Wednesday, December 28, 2011

I'm Sorry I Didn't Bring You Cookies

I’m sorry I didn’t bring you Christmas cookies.  You live far away.  And/or, we ran out of eggs.  When you have a limited supply of gas and eggs, you have to let whim and the spirit lead. 

Among other destinations, the spirit led my family and a plate of cookies to our friend Ethel’s house last Christmas Eve. I swung open our minivan’s passenger-door, plate of cookies in hand, and two things happened at once, so fast I almost missed them both. One, the stick-on bow that I had affixed to the tin foil-covered plate of cookies slid off its perch.  Two, the cell phone in my coat pocket slipped out, hit the street’s pavement, and ricocheted right into a storm drain.

I just bought that cell phone. Three weeks ago. I even purchased insurance should it be damaged. I even purchased a very expensive, very hard case/enclosure system that would protect this cell phone in the event of nuclear war, fire bombs, and toddlers.  The “otter box,” as it’s called, reminds me of a sat phone MacGyver might have used, back when they were the size of small boom boxes. 

The insurance I purchased doesn’t cover cell phone loss due to low elevations in the bottoms of storm drains.
Our only hope was a manhole cover at the top of the storm drain.  Correction: our other hope was my husband, who thought to pry up the manhole with a tire iron stored under our carjack.   And so he did. 

Did I also mention that this was a family outing with all the children? We were bonding over taking cookies to people who whim and the spirit led us to.  So the four of us (Tiny stayed in the car) took turns peering down into the seven-foot storm drain at a mess of dry leaves and plastic bags. We could not see the cell phone.
But we knocked on Ethel’s door, handed her the cookies with a Merry Christmas Eve!, and then asked if we could borrow her ladder. Mark lowered it into the manhole while I stood next to him and fretted that he would hurt his arm or shoulder or that the ladder would fall over once inside. And then he inserted himself into the hole and climbed down the ladder while I fretted some more and Ethel and the girls stood around watching. The girls said, ohhh, ohhh, oh.   And I said, be careful!  And Mark batted the leaves around with the tire iron once he got to the bottom, but he could not find the cell phone. Until he got to a small tunnel/pipe thingy (presumably the route the water takes out of the storm drain as it fills up) and moved a plastic bag and some leaves around and there the phone was.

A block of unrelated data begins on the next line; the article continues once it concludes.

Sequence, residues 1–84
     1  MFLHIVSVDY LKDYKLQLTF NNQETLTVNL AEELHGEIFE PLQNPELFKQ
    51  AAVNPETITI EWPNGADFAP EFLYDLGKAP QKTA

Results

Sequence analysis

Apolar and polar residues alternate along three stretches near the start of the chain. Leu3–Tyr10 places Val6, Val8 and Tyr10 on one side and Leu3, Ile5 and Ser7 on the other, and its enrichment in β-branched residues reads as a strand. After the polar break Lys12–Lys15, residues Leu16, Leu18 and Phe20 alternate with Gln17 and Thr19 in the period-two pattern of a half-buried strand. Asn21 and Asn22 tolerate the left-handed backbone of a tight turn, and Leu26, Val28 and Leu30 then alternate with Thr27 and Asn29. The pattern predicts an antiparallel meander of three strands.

And he climbed up the ladder, and he handed the phone to me. And he pulled the ladder out of the manhole and replaced the cover.  And my otter-box encased phone looked as good as it could be. It could have survived nuclear war, fire bombs, or toddlers. But it chose a storm drain. Good for it. Branching out.
Earlier this week I got a second-degree burn on my hand. Two months ago I got a concussion after a glass light fixture fell on my head.

My friends want to build a phone- and heat- and glass-proof membrane that I can surround myself with at all times, which is okay with me as long as it is chocolate-permeable.  Because there are only two food groups in the world: chocolate and everything else.  And I wouldn’t want my diet to get off because I didn’t get an adequate amount of cacao bean through the phone-/heat-/glass-proof membrane/bubble thingy my friends want to build. I wish them good luck with that.
And as a postscript, if you’re wondering if I’m accepting See’s candy right now: I am.  My supply is off to a really good start.  It seems people read my blog post last week and I received more than two pounds of See’s chocolates over Christmas as gifts.  I can always make room in our cupboard for more, should the urge strike you.  Unfortunately for you locals, the See’s candy kiosk is closed at the local mall. You’ll have to mail order, people. You’ll have to mail order.

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